If you want to go camping, you need a generator. Around here we like to glamp in style, so a generator is definitely must-have camping gear.
It may not seem like it at first, but there are plenty of things that require power when you’re out in the woods or deep in the wilderness, from your phone charger and coffee pot to your space heater and air mattress pump.
You might be tempted to forego a generator altogether or maybe even buy a small, lightweight generator for your next RV camping trip so you can take less with you on the road. But before we get into the details about which size of generator is best suited for each type of camper (deep-woods or glamper), let’s take a look at how many watts you need.
Take a generator. You’ll thank us.
You probably think about unplugging and leaving anything with electrons behind when you think of camping. In some cases, that’s a great choice. However, there are some creature comforts you might miss, so you might want to think again.
Whether you’re in the comforts of your home or deep in the woods, you probably want that cup of coffee first thing in the morning. Throughout the day, you might want to listen to your favorite playlist while playing frisbee with your friends. And at night, it gets dark out there. You might want some lighting to see where you’re going.
All of this requires power. Sure, a battery pack will help with some things, but not everything. You’re going to want something to power all of that.
You use more power than you think.
So, how big of a generator do you need on your next camping trip? That all depends on how much power you consume.
Generators produce electricity measured in watts. A 2,000-watt generator can make that many watts while surging, but continuous power is usually around 1,600 watts. So if you add up everything you plan on providing power to at the same time, it would need to be less than 1,600 watts. Keep in mind, when you first power up a device, it requires a surge in power, but that’s okay. After all, the generator (in this example) is 2,000 watts.
For most, camping doesn’t require much power, but it might be a bit more for others. We’ll have a solid recommendation for you, but here’s a general power breakdown of power consumption for now.
- Coffee pot: 1000W
- Phone charger: 10W
- String LED lights: 5W
- Speaker charger: 10W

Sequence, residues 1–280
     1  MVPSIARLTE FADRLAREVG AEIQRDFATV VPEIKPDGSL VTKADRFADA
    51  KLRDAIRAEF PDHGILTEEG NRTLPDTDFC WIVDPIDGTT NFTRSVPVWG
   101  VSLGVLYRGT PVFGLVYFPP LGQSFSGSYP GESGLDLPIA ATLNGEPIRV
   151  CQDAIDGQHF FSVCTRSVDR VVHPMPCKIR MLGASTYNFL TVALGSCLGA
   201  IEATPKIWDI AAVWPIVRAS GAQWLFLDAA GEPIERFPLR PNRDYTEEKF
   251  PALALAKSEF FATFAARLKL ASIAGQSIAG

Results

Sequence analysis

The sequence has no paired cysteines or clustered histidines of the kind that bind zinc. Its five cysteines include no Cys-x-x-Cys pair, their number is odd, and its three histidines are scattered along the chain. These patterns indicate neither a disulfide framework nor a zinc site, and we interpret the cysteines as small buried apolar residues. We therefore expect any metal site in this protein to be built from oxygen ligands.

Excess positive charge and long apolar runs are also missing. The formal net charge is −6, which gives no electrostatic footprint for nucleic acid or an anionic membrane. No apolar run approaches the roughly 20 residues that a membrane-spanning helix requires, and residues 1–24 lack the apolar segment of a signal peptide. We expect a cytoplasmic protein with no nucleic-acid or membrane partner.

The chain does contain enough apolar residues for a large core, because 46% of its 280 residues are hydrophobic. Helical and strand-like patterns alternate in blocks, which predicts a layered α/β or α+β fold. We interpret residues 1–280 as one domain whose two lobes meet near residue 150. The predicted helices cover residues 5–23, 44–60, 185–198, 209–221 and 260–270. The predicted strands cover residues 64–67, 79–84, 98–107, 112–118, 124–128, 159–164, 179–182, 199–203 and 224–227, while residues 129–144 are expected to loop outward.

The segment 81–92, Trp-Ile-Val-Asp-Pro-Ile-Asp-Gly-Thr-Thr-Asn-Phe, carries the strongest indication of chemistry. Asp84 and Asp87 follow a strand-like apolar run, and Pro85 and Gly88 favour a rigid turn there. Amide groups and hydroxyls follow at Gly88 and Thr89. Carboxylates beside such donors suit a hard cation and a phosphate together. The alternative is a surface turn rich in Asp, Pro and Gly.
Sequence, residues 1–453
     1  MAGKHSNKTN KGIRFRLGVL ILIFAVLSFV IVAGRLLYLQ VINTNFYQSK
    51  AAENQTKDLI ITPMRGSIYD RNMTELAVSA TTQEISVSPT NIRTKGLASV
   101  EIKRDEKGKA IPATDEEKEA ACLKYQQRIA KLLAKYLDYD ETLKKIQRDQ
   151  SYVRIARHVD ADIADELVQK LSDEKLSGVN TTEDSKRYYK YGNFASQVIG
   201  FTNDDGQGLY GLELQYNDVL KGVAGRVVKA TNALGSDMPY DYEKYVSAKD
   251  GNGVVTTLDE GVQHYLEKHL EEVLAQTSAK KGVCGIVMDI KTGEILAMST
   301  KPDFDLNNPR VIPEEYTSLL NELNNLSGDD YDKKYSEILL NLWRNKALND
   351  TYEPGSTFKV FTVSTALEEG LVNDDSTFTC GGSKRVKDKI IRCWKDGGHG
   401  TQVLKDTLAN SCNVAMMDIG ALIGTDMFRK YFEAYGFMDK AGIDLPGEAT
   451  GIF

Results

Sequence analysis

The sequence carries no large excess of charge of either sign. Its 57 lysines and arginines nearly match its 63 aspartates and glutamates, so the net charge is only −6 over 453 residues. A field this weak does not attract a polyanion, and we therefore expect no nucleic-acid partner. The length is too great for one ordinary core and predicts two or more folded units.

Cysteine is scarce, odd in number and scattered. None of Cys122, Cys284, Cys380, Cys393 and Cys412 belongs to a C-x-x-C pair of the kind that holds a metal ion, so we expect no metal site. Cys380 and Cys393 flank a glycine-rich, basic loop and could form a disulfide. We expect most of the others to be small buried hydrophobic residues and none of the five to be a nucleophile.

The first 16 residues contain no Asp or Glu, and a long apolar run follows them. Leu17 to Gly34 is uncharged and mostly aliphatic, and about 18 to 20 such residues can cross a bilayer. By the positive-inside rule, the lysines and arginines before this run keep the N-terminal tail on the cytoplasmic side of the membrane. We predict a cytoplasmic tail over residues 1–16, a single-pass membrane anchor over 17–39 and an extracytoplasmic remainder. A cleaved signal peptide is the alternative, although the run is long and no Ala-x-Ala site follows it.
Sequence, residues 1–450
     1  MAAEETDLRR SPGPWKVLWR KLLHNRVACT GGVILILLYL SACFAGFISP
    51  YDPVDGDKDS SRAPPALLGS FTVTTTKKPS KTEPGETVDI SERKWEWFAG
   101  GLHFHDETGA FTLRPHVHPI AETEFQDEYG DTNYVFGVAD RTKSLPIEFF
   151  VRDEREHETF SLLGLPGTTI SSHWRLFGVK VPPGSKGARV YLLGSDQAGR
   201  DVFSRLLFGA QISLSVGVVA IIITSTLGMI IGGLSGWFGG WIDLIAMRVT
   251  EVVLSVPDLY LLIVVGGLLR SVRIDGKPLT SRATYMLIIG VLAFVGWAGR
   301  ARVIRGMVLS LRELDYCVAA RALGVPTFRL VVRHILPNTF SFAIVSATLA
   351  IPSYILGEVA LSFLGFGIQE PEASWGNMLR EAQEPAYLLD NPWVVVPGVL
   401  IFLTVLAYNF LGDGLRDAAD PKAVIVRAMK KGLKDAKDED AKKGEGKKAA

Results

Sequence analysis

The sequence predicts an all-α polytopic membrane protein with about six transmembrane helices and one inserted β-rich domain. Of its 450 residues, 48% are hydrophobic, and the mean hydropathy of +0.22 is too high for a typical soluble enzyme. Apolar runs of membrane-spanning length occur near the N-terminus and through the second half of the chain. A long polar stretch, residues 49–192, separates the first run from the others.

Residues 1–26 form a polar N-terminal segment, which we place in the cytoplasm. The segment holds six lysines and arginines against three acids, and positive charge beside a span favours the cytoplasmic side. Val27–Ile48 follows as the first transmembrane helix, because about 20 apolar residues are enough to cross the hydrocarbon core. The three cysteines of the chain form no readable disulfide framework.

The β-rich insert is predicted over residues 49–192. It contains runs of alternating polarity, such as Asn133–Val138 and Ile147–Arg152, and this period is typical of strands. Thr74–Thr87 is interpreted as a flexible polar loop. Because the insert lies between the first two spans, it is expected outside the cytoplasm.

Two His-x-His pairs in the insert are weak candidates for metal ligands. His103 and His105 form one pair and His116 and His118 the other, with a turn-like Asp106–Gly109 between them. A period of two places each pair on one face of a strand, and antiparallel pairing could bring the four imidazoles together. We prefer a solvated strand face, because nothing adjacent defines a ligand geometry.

- Cooling fan: 50W
- Space heater: 1500W
- Air mattress pump: 50W
These are all general wattage for various items, but they should give you an idea of how much power you need. You will use some of these items simultaneously and others individually. So keep that in mind when you’re coming up with your power consumption check.
Now that you have an idea of how many watts you’ll need, how big of a generator do you need for camping?
Size of the generator matters.
For most camping trips, a 2,000-watt generator is more than enough. It can provide ample power to your coffee maker in the morning and your space heater at night. You probably won’t use both of those simultaneously, and with a 2,000-watt generator, you won’t be able to anyways.
There are plenty of 2,000-watt generators on the market as that’s a typical size. We prefer the Yamaha EF2200iS as it’s compact, quiet, and provides reliable power with a peak of 2,200 watts.
The Yamaha is perfect for camping. When you’re searching for a generator, you want something small enough to be portable and easy to move but also provides sufficient wattage for everything you’ll need during your trip. Best of all, this is one of the quietest generators you can find. Others, such as the Wen 56203i are great choices as well, but you get unchallenged reliability with the Yamaha EF2200iS.
Have adequate power on your next camping trip.
Whether you’re a camper that is looking to head out deep into the woods, or you’re a glamper that enjoys modern comforts while spending time outdoors, chances are you need a generator.
Remember, you don’t want something too big and cumbersome, but it also has to provide enough juice for everything you have. So take a look at everything you have that needs power, and that will give you an idea of how big of a generator you need for your next camping trip.